President Muhammadu Buhari has been sued over “secrecy in the spending of loans so far obtained, the unsustainable level of borrowing by the government and the 36 States, debt crisis, and the disproportionately negative impact of these retrogressive measures on poor Nigerians.”
The Nigerian President was sued by The Socio-Economic Rights and Accountability Project (SERAP).
In the suit number ECW/CCJ/APP/05/22 filed before the ECOWAS Court of Justice in Abuja last week, SERAP is seeking an order directing and compelling the Federal Government of Nigeria to issue an immediate moratorium on borrowing by itself, and the 36 States, in conformity with Nigeria’s international human rights obligations.
This was contained in a statement by Kolawole Oluwadare, SERAP’s Deputy Director, on Sunday.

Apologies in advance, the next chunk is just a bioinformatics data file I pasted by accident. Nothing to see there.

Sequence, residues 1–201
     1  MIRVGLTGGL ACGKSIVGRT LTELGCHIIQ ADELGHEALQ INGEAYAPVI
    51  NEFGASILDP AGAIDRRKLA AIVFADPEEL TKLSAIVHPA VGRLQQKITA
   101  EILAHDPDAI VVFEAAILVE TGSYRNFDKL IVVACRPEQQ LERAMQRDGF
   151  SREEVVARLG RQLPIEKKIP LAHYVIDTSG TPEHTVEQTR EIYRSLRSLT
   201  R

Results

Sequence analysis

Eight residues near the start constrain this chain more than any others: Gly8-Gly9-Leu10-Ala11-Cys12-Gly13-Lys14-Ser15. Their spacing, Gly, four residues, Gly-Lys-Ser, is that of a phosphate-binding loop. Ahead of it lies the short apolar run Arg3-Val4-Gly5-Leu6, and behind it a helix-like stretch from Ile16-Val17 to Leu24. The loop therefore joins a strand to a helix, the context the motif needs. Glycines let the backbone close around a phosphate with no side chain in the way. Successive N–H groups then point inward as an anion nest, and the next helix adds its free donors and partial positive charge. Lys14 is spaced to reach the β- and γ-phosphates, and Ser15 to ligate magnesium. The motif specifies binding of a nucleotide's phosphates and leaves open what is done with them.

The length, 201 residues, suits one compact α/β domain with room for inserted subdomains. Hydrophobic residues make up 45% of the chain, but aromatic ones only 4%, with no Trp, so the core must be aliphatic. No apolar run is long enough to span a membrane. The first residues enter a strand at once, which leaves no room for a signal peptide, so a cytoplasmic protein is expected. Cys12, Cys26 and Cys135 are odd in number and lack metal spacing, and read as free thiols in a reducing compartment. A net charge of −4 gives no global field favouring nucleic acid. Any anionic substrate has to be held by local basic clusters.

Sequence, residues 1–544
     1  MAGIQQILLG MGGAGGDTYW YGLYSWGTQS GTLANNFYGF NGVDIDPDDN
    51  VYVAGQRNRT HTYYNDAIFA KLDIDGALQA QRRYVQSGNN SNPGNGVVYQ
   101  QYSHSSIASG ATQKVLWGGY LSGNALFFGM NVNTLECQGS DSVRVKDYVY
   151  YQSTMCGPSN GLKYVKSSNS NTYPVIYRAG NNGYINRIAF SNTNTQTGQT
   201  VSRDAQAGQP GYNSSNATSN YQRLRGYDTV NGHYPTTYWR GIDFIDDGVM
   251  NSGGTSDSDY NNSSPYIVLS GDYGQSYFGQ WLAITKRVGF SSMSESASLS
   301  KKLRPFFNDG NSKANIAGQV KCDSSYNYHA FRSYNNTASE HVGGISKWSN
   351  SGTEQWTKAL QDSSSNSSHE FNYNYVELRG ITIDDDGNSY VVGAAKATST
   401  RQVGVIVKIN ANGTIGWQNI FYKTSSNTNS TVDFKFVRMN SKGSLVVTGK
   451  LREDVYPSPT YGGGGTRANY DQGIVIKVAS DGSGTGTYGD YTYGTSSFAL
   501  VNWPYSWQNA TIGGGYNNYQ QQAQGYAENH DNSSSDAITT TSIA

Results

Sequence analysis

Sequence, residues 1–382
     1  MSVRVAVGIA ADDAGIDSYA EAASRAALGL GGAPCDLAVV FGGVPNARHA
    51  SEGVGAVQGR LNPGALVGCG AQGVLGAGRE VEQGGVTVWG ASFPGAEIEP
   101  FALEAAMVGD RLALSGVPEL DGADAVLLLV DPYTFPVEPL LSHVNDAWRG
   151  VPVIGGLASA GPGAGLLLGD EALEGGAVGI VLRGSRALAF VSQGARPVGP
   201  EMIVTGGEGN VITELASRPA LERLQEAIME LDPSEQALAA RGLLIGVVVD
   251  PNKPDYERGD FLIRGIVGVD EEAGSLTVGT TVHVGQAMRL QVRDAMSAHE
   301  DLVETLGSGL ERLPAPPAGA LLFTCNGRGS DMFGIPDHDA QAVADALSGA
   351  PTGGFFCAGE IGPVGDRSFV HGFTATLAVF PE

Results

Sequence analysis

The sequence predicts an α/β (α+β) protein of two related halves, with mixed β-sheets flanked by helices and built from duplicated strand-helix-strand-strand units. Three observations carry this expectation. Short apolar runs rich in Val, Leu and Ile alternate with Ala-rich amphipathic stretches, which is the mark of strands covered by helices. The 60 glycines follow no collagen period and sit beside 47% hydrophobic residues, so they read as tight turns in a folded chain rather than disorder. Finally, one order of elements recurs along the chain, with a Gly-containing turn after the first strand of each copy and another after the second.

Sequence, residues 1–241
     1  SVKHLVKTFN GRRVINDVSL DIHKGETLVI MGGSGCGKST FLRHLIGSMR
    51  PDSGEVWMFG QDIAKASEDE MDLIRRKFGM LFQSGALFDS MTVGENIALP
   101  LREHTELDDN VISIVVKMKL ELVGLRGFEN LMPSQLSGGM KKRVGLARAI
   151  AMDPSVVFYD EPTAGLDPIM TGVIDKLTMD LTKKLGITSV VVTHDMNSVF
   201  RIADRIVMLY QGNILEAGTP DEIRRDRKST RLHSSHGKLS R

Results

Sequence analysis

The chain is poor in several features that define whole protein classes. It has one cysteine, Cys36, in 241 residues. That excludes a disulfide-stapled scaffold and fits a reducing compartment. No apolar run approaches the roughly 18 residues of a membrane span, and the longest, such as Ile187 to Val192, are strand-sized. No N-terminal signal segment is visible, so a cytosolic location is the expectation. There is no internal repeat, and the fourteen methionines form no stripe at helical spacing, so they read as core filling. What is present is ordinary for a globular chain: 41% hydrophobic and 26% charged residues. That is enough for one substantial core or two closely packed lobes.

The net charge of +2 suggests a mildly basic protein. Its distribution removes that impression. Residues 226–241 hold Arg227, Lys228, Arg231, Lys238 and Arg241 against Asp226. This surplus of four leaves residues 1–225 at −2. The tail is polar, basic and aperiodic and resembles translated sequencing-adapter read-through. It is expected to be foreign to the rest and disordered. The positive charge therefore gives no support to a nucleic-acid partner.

In the lawsuit filed by SERAP and on behalf of concerned Nigerians, the organization is contending that “persistent and unsustainable borrowing by the federal and state governments and the crippling debt burden undermines the rights of Nigerians to economic and social development, and are antithetical to the public interest.”
SERAP is also seeking an order that will direct and compel the Federal Government of Nigeria to publish details of spending of the loans obtained by governments since 1999, as well as the list of projects and locations of any such projects on which these loans have been spent.
According to the organization, there is a lack of transparency and accountability in the spending of the loans obtained so far, and opacity around the terms and conditions in loan agreements, including repayment details for these loans, adding that the details of the projects on which the loans are spent are shrouded in secrecy.
However, the date for the hearing of the suit is yet to be fixed